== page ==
Mary Childs

University of Washington, Department of Comparative Literature

Liudmila Ulitskaia's Medea and her Children: Medea, Stalin, and the Limits of Tolerance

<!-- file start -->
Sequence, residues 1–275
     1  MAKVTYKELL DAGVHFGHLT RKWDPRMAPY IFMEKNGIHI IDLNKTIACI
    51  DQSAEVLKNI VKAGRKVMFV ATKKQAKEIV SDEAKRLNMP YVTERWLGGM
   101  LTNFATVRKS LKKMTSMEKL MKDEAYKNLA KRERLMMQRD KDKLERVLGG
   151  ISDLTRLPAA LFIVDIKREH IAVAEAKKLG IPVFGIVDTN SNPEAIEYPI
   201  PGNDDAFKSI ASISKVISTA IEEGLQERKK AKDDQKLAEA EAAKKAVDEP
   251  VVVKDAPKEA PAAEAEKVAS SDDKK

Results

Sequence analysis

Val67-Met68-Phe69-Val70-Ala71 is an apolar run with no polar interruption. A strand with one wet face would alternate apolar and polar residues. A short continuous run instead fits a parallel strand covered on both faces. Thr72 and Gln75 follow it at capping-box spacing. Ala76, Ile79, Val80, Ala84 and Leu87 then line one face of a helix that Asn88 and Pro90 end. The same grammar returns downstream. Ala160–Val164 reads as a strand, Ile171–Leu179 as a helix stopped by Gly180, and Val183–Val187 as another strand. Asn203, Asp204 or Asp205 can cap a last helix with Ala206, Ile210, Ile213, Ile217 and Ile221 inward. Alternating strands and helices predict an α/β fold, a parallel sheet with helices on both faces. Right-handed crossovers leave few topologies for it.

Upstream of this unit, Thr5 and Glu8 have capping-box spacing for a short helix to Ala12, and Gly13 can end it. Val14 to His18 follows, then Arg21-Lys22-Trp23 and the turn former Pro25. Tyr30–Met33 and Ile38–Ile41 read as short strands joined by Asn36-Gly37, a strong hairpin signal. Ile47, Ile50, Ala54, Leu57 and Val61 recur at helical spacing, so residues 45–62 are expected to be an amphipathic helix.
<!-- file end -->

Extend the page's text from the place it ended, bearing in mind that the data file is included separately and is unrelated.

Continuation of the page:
Liudmila Ulitskaia, one of post-Soviet Russia’s leading authors, has been known as a voice of tolerance and understanding in contemporary Russian society, both in her stories and novels, and through her involvement with the Institute for Tolerance. Her novel, Medea and her Children, reads as a Utopian vision of a Soviet-era family that embraces all the nationalities of the former USSR. Medea, the reigning matriarch who descends from a long line of Pontic Greeks, welcomes and watches over family members who come from all corners the Soviet Union to her home in the Crimea; and she is proud to unite the various "tribes," from Lithuania, Uzbekistan, Siberia, and Georgia. A significant aspect of the novel, however, is also its reckoning with Russia’s Soviet past, examining how people survived during the worst of the Stalin era, and it is here that many questions emerge. Medea, as one who survives, does so by clinging to her Orthodox faith, a faith that she and other family members recognize as a "higher authority" than that offered by the Soviet state. What is this "higher authority," and how do others manage to survive? Further, although the novel chronicles Medea’s extended, supposedly happy family, not all family members are treated equally, and it is curious to see a distinct prejudice emerge against the Georgian branch of the family: many of the novel’s Georgians are portrayed as ignorant, unfortunate, or downright crazy. This prejudice seems to stem from guilt by association with the legacy of Stalin and his cohort of Caucasian henchmen who ruled the Soviet Union; and it is a prejudice that deserves deeper investigation, especially in post-Soviet Russia, which some have argued, has not yet reached closure about Stalin, and where, in fact, many say they would vote for a man like Stalin, were he to enter politics today. And, it is a prejudice that seems to contrast so sharply with Ulitskaia’s stated belief in tolerance towards cultural differences. In this paper, I will discuss Ulitskaia’s novel, hoping to shed light on her seemingly hostile attitude towards Georgians and the Caucasus, and thus gain a deeper understanding of current feelings and attitudes concerning relations between Russians and Georgians.

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